Mill Creek Preparatory Hike
Allan and I were up early discussed a hike from Rainbow lake to Mill Creek.
He was keen to photograph Storm Pass at sunrise. 12,500 ft in the middle of the Elk Wilderness. We decided to take a look.
We ran off to the airport and in a few minutes were climbing out toward the wilderness. When we reached 14,000 ft. I was comfortable enough to start circling our route. It looked like a lot of up and down just to get to a campsite. The area was remote and the trail rarely used. It was a bit difficult to see from the air. Soon we started picking up its pieces and it came together.
About 8 mi. to the campsite and then the good news was that the trail was downhill walking out Mill creek.
"This will be great." Said Allan enthusiastically. "At sunset we'll climb up to the top of this ridge and the next morning up to "Storm Pass to catch the sunrise." He was pointing to a couple of vertical cliffs as best I could tell. I
shook my head. I would be grateful just to make the campsite, which would be at the head of Mill Creek.
It looked doable with most of the route above tree line. This seemed like a hike for tough customers. As I turned the plane back toward the airport I wondered if I was still a tough customer. "Only one way to find out." I thought to myself.
Bev was in need of a hike. So at about 11 we started out from
Gunnison to hike in from the trailhead at Mill Creek to see what we might find. The dogs were enthusiastic and it looked there would be water enough for them on the trail.
From the air we had seen a pretty large cliff that seemed to span the valley.
Allan assured me we could get past it. 10 mi. out of town we reached the trailhead. We had been here once before. At that time we were ankle deep in mud and cow droppings. Today it was dry, temp in the 70's, and, mercifully, no cattle. The trailhead sign indicated a mile to the Wilderness and 8 mi. to Storm Pass. The Wilderness Boundary seemed like a good destination for today.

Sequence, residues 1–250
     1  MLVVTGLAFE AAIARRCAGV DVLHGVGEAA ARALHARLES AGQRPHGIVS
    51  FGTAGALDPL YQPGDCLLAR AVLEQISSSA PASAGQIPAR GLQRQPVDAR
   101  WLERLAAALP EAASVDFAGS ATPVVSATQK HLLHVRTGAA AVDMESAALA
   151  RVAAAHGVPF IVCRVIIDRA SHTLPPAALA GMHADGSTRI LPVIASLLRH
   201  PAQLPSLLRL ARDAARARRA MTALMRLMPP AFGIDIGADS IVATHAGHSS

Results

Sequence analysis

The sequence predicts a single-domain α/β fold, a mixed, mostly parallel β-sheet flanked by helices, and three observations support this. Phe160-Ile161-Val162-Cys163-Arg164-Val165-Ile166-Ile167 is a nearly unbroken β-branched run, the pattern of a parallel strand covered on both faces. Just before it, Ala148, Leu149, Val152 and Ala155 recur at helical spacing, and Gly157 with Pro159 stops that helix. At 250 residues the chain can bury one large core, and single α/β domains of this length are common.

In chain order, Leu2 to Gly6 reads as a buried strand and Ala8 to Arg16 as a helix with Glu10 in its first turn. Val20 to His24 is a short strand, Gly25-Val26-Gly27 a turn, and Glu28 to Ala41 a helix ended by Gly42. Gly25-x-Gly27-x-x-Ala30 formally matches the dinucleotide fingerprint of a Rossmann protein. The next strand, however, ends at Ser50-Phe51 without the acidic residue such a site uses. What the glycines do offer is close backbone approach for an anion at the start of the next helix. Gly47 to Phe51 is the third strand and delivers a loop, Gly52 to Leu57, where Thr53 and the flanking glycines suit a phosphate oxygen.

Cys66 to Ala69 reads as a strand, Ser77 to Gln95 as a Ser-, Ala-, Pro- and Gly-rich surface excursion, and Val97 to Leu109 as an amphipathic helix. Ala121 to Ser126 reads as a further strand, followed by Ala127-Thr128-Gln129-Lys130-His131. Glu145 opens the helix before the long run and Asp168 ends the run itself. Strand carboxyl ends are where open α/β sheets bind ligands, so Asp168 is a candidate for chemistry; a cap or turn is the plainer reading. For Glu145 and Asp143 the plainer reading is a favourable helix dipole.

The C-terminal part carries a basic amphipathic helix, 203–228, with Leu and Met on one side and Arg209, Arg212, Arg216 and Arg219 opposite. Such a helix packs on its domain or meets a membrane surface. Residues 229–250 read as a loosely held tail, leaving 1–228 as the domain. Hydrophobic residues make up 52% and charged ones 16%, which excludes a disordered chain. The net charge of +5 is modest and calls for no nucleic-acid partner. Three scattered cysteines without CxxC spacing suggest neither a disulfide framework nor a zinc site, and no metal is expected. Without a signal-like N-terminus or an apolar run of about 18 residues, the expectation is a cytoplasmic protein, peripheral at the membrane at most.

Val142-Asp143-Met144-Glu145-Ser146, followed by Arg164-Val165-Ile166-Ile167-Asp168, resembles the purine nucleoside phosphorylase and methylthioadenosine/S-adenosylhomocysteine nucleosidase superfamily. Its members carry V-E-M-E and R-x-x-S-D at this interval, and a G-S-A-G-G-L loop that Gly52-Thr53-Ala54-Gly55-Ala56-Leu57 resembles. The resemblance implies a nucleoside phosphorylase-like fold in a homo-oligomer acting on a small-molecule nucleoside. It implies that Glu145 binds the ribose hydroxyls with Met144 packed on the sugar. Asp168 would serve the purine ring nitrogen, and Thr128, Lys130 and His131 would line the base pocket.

About a mile up the trail we missed the stream crossing and persisted on the south side of the creek. The GPS showed the trail on the other
side, but it showed it there for most of the hike. Before long we were bush wacking and Bev reflected that this didn't seem like much of a trail.
Back tracking, we found the crossing. A couple of logs helped us over and before long we were on a proper trail. At the Wilderness
Boundary we found a shady spot and stopped to eat our sandwiches for
We then entered the forest and started a gentle climb through huge Aspens and Spruce. The trail was in great shape. The walk through the tall trees that smelled of spruce was refreshing after the open sun. It was dark enough that there were some great mushrooms growing everywhere.
The dogs were hot but the frequent streams rejuvenated them each time.
From time to time we were greeted with
great views of the "Castles" that formed the north rim of this canyon.
These are old granite flukes that somehow
resisted erosion and left spectacular vertical flukes.
We reached the lava flow that created the
vertical cliffs about 3 mi. into the canyon. We climbed to the top. From there we got a great view backward of the Ohio
Creek valley, and realized the dogs were getting tired so it was time to turn
back. It was almost 5 when we saw
the trailhead from above and our welcome little car. I wondered what I would think of this trail in two days when
we used it to complete our much longer journey.